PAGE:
If you're in the right stocks and/or the right sectors - such as housing, wow! - you're having a grand time in this bull market. The Top Ten is doing its thing, up 26.5%, or close to double the S&P 500 return. And like last year, all ten stock picks are in the green. (Go here if you'd like to review the list and its performance.)
If you're not participating in the bull market, don't stress. There's still plenty of profit to be made in this cycle. As I've written in past columns, it promises to be a solid decade for stocks. Investors should be able to average double-digit annual returns for the remainder of the decade, and smart stock-pickers should do appreciably better.
The primary trend is up, and that's how you should play it. Get your money in, and add to positions on pullbacks.
Stocks to buy right now
If you're looking for stock ideas, I'm here to help. There are a number of gems in my Top Ten list for 2013, including a few potential multi-baggers. In a recent column I suggested picking up Mueller Water Products in front of their earnings report and it's popped nicely. Here are three more names that have the potential to pop in a big way and soon:
Amazon (AMZN): If you asked me for my single, best idea, it would be Amazon (based on today's stock price). There's a lot of nonsense written about this stock, and it's the same old tune - that the PE ratio is, I don't know, like bazillions. Ignore it. The addressable market in online retail, third party marketplace and utility computing (through AWS, or Amazon Web Services) is vast, and Amazon is just getting started.
Amazon could be a multi-bagger relatively quickly, and here's how: There's a good chance AWS will be spun off to shareholders over the next year or so for competitive reasons. It certainly can't hide what might be a $100 billion business by 2015 under "Other Income" on their financial statements much longer. It's growing about 65% annually and it is the dominant player (75% market share) in infrastructure as a service in the public cloud.
Ex-AWS, the rest of the business will generate about $115 billion in gross merchandise sales this year - yes, I know reported revenue will be about $75 billion, but that's a mix of gross and net revenue; 40% of revenue is reported on a net basis and 60% is reported gross. (See my column last year if you want a more detailed explanation.) The key takeaway: Amazon is selling at one times gross merchandise sales - not counting AWS - and growing fast.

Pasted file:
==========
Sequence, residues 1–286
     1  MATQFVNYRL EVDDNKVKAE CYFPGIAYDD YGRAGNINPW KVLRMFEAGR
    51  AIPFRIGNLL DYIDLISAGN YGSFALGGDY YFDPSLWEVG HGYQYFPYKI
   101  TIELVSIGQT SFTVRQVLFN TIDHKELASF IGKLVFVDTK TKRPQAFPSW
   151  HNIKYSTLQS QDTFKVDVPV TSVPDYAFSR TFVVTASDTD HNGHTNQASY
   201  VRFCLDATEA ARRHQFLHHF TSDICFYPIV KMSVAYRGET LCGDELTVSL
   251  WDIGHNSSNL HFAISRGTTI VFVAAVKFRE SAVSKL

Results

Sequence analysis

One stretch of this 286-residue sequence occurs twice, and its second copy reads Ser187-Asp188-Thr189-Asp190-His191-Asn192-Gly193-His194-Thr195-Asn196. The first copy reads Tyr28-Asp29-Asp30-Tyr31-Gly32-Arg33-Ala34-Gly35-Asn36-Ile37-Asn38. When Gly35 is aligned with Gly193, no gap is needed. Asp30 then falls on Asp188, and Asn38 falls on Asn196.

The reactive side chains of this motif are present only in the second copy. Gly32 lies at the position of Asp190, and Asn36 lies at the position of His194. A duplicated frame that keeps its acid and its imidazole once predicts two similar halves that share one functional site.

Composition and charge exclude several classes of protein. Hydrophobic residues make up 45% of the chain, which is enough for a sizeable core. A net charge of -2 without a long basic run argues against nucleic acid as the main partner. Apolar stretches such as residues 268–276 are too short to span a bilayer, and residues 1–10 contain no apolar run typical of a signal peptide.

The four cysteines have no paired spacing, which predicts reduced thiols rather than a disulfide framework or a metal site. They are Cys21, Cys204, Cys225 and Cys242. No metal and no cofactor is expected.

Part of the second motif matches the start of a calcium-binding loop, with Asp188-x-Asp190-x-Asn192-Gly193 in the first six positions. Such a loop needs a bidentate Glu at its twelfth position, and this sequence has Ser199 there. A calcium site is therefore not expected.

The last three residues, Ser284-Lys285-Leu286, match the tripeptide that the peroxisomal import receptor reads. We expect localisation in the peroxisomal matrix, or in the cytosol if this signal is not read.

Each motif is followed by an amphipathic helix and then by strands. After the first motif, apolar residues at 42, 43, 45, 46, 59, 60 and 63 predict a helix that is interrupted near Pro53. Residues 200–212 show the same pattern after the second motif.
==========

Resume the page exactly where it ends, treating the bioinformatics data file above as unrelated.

That's a really cheap quote for an operating model that'll drop 4% to the bottom line when it slows spending. However you slice and dice it, Amazon is worth a lot more than the current quote. I expect to score a multi-bagger from here.
Hovnanian (HOV): The sixth-largest homebuilder in the U.S., Hovnanian is likely to report strong operating numbers later this month. I've written enough columns on why you should be bullish on housing, so I won't pound the table again. But I do have a warning for investors already invested in the sector: Don't short-circuit your trade. Plan on this being a 5 to 7 year move, at a minimum. You want to score a multi-bagger? It's here for the taking, but you've got to be patient to see it. As for those not invested in housing, get invested. At $5.65 per share, Hovnanian is great way to start. My guess is it will be a double-digit stock by next year.
MGM Resort (MGM): MGM reported terrific numbers last week, the beginning of what I expect will be several quarters of good news. Like with housing, the move in MGM is still in the early days. I'm looking for a return to the $30's in the stock, up from it's current quote near $15. The operating leverage in the MGM model is powerful, and it's going to help the stock in 2013 and 2014. By the way, Kirk Kerkorian applied for authority to take his holdings up to 20% from 13% (he can buy later this week), and my bet is he will.
Better days are ahead for the economy, for housing, for employment, and for the stock market. You didn't think things would be lousy forever, did you? Don't make the mistake of looking backward. Rear view mirror investors never make money, they just get cynical and old and cranky.
It's time to get excited about investing again. There are reasons to be optimistic. Even better, there's money to be made.